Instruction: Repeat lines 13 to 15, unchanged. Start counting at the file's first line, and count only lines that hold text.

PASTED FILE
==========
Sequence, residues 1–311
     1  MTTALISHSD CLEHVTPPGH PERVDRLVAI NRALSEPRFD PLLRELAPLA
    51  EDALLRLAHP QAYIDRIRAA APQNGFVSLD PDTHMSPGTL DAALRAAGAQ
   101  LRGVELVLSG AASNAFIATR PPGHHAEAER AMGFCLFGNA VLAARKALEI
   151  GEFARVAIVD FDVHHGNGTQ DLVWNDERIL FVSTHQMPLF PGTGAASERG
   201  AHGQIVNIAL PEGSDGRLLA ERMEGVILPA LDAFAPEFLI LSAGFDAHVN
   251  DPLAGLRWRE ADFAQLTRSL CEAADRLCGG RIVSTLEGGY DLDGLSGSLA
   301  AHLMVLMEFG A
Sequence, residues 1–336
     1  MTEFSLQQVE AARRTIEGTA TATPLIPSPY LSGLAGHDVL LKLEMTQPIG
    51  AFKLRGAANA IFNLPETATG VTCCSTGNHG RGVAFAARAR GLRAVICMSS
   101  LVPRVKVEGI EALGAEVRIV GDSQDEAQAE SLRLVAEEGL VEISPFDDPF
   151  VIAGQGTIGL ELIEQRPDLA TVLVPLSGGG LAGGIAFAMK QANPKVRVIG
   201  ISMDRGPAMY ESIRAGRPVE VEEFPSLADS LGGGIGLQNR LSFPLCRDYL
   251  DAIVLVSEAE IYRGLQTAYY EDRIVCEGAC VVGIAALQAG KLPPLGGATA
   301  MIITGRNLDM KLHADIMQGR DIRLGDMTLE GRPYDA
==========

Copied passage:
   151  VIAGQGTIGL ELIEQRPDLA TVLVPLSGGG LAGGIAFAMK QANPKVRVIG
   201  ISMDRGPAMY ESIRAGRPVE VEEFPSLADS LGGGIGLQNR LSFPLCRDYL
   251  DAIVLVSEAE IYRGLQTAYY EDRIVCEGAC VVGIAALQAG KLPPLGGATA